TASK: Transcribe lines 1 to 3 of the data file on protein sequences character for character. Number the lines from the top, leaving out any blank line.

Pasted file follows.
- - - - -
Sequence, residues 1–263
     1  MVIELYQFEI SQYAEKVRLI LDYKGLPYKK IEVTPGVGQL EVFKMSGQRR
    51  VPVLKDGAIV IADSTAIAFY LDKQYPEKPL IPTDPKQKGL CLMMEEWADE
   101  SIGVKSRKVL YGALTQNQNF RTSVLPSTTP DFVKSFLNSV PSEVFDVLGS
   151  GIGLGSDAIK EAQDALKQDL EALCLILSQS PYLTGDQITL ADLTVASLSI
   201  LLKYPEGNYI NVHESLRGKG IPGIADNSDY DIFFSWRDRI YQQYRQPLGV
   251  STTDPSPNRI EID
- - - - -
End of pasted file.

Sequence, residues 1–263
     1  MVIELYQFEI SQYAEKVRLI LDYKGLPYKK IEVTPGVGQL EVFKMSGQRR
    51  VPVLKDGAIV IADSTAIAFY LDKQYPEKPL IPTDPKQKGL CLMMEEWADE